Evidence now provides a clear warning: deforestation, degradation, and climate change are together pushing the Amazon rapidly towards a point beyond which it may not be able to recover. In the last years, political instability in the region, simultaneously affecting different countries, correlates with increasing deforestation rates in Brazil, Colombia, Ecuador, Bolivia, and Peru. Around 17% of the Pan-Amazon has been deforested, with an additional 17% considered as degraded. Connections between land and rivers mean that degradation also threatens freshwater species and ecosystems. Recent research results indicated that in parts of the Amazon, the forest switches from sink to a source of carbon due to climate change, deforestation, and forest degradation. Amazonian forests are susceptible to drought and fires, while floodplain systems are vulnerable to changes in flooding regimes. Land-use changes reinforce climate change, reducing forest resilience with risks for human health, food, and water security over vast regions of South America, including its southeastern part and the Andes, and the La Plata Basin in the Southern part of the continent whose precipitation depends significantly on the Amazon.
Preserving the 25% of the protected areas across the basin’s surface and 27% of Indigenous Territories and restoring a significant portion of degraded forests and abandoned agricultural lands are opportunities for both national and regional policymakers to promote many direct and indirect benefits to local people and the whole society while delivering on long-term international commitments.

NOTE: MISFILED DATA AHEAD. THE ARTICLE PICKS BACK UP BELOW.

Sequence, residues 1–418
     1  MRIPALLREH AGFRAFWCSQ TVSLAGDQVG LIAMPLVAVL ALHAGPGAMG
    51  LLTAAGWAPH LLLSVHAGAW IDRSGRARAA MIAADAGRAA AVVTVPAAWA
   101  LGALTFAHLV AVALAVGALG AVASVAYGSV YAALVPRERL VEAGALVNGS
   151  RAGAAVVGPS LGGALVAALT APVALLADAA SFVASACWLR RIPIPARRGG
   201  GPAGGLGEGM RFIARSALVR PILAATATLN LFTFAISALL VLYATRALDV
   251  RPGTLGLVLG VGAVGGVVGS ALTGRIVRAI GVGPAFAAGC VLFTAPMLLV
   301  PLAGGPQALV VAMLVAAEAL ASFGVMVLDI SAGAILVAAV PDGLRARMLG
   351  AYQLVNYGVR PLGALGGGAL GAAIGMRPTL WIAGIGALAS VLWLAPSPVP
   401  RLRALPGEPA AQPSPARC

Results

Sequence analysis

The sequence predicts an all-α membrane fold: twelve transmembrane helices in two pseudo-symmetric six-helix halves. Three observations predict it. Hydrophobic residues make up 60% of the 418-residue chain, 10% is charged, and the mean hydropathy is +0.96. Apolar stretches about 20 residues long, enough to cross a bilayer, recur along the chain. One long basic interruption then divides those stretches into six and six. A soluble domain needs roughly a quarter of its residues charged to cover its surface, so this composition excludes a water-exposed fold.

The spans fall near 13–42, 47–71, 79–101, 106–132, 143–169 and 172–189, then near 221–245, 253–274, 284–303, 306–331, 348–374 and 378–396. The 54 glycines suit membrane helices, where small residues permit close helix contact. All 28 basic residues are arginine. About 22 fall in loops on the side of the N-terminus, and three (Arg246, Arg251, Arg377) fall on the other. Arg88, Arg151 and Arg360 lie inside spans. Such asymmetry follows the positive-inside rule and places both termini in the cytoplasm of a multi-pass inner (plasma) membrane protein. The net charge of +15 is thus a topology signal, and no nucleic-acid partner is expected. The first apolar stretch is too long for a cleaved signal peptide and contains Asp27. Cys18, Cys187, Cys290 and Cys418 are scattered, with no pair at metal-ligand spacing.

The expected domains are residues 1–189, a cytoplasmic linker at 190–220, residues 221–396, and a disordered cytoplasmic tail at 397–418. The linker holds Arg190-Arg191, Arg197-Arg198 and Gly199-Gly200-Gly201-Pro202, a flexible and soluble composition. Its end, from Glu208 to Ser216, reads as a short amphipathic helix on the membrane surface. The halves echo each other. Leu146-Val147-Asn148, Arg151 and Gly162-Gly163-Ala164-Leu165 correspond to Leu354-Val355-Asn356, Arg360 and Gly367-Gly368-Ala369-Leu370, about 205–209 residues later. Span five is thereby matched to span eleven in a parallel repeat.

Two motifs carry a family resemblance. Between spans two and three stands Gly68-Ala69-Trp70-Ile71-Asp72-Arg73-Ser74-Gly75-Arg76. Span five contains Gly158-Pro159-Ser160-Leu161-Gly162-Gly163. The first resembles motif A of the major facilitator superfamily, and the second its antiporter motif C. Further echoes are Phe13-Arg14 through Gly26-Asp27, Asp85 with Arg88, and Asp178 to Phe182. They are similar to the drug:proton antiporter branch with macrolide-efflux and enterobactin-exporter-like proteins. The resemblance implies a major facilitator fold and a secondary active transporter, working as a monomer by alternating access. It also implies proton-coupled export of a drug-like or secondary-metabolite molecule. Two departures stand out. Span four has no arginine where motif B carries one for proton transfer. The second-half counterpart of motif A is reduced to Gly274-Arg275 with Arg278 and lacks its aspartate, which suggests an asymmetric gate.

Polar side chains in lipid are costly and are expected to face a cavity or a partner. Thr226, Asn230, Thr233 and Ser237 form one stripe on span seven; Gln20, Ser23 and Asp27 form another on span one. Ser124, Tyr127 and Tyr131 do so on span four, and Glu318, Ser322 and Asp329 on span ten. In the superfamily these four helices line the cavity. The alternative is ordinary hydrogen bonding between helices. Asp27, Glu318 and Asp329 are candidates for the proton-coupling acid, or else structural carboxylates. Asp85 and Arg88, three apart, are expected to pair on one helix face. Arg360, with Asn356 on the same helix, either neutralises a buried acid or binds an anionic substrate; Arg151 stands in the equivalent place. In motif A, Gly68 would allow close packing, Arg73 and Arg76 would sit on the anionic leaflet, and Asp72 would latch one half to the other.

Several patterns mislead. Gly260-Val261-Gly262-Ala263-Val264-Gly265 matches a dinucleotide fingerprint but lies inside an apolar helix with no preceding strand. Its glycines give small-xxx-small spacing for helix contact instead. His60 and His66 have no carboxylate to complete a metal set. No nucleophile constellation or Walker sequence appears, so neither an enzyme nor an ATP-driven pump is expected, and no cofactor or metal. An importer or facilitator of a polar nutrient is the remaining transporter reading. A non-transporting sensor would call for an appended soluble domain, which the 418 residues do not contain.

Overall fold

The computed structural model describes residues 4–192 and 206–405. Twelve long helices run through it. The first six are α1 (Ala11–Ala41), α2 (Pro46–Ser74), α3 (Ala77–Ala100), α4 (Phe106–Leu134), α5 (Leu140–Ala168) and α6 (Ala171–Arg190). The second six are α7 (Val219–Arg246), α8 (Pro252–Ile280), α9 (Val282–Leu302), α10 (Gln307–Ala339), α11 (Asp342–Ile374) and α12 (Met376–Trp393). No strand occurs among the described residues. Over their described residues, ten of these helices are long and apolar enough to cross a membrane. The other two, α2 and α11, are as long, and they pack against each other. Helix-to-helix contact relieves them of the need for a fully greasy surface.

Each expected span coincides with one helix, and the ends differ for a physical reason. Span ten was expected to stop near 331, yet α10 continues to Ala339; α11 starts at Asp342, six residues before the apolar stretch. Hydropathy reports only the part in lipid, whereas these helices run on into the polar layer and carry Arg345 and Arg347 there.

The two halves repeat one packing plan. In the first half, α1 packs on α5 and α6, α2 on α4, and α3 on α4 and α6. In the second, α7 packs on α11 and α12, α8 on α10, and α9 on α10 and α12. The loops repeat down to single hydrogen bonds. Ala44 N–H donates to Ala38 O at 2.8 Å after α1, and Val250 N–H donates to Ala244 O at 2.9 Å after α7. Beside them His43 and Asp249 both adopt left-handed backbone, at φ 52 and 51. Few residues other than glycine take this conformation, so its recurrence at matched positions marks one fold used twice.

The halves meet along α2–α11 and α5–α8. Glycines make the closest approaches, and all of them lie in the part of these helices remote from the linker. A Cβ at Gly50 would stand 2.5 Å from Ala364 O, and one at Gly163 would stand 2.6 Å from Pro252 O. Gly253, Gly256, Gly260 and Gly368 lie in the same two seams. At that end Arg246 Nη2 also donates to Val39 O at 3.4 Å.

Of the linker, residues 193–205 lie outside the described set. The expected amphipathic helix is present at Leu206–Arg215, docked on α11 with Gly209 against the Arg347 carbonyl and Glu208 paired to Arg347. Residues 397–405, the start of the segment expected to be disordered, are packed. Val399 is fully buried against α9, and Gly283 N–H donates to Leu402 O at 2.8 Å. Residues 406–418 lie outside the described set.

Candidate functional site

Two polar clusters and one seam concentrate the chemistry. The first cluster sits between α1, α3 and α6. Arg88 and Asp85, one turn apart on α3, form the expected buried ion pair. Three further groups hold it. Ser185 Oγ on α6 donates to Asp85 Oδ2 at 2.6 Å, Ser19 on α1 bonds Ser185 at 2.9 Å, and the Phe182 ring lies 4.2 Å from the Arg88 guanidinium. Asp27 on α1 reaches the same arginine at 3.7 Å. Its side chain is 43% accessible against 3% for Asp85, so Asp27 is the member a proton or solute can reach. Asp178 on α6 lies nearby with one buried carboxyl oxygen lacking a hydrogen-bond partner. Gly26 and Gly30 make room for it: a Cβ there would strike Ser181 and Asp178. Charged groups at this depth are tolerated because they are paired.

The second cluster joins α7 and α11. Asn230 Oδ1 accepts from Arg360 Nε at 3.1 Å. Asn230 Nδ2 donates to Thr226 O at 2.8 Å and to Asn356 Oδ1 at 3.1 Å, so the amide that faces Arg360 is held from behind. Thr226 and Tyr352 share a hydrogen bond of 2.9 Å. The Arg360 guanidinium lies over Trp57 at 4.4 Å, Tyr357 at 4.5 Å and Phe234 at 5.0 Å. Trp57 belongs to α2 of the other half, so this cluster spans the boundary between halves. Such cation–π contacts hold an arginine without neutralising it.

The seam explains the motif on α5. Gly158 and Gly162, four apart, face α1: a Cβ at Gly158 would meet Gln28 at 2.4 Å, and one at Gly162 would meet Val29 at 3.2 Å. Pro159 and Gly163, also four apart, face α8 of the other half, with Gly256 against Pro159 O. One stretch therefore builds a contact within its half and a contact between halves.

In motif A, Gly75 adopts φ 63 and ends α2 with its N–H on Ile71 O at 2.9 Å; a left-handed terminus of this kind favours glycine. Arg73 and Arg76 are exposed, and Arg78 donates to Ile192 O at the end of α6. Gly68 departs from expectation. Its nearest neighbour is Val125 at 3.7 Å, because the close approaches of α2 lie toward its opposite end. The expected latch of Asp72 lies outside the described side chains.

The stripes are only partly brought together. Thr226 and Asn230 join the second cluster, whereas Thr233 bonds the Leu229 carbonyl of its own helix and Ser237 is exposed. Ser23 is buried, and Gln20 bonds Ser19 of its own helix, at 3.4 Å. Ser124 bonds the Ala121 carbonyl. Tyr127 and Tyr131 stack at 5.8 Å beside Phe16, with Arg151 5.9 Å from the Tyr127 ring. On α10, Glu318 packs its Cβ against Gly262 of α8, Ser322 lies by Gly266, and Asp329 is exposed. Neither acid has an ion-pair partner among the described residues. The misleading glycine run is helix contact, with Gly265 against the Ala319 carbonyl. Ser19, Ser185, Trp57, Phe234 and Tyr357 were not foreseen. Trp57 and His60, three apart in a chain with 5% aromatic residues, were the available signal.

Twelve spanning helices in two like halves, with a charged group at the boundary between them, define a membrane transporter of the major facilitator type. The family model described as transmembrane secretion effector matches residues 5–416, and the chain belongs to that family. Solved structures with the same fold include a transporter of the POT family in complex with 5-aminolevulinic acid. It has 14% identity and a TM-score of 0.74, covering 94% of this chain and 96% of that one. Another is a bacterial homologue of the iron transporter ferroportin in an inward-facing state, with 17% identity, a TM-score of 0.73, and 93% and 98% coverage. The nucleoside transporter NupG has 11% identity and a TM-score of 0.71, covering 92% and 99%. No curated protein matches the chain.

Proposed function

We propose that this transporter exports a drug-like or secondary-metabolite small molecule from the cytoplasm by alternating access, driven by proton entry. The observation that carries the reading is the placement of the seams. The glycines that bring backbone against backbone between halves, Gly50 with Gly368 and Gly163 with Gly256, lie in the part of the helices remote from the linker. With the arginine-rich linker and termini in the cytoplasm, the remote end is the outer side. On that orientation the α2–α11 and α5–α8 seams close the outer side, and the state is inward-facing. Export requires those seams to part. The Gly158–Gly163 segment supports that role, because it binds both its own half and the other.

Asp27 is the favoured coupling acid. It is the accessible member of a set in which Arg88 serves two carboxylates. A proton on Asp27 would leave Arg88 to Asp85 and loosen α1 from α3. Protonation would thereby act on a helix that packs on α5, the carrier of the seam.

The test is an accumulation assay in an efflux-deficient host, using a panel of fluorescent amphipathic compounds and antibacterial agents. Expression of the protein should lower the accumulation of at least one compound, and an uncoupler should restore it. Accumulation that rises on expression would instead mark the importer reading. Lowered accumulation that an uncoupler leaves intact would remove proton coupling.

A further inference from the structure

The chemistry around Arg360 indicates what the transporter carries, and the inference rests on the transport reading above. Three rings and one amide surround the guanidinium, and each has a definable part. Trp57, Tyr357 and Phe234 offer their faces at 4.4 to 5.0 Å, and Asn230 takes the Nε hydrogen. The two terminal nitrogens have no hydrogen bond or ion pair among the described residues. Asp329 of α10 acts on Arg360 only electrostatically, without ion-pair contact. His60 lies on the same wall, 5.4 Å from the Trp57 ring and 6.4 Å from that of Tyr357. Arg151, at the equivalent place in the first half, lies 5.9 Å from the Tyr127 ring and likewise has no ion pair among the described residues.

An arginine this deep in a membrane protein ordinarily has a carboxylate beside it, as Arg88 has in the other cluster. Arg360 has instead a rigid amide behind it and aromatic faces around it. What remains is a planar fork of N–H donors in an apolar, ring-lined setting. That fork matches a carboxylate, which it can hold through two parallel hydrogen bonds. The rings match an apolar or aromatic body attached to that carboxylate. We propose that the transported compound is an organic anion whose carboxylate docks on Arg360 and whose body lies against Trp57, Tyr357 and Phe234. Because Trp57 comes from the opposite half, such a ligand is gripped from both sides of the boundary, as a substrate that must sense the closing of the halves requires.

Bioeconomy and the sustainable management of natural resources are feasible for the region. Açaí stands out positively, with increasing production values and demand. In the Basilique Archipelago (Brazil), at the mouth of the Amazon River, the açaí agroforestry production system was recognized as a good practice in Traditional Agricultural Systems (SAT), awarded by the Brazilian Development Bank. The Xingu Seed Network, also in Brazil, is an initiative promoting seed exchange and trade that in the last 14 years commercialized around 250 tons of seeds from more than 220 native species and involves more than 500 people. Recently, the Mamirauá project achieved the concession of the Geographic Indication (GI) of Mamirauá Denomination of Origin (DO) for the managed pirarucu (one of the largest freshwater fish globally). The seal increases the market value and benefits the communities, stimulating similar initiatives in the Pan Amazon regions.
Collaboration between governments, civil society, and Indigenous organizations, science-based innovation, valorization of traditional knowledge, conscious and responsible private investments, and public policies are fundamental elements that can support an achievable vision of the Living and Sustainable Amazon: regional ecosystems and forests restored and maintained, economies built on the foundation of healthy forests standing, free rivers flowing, and regional societies empowered to conduct this transformation.
Mercedes Bustamante is a Professor at the University of Brasilia, Brazil, and member of the Brazilian Academy of Sciences.
Additional listening from Mongabay’s podcast: a conversation with Zack Romo, program director for the Coordinator of Indigenous Organizations of the Amazon Basin (COICA) who was in Marseilles for the recent World Conservation Congress and helped pass the motion to protect 80% of the Amazon by 2025, listen here: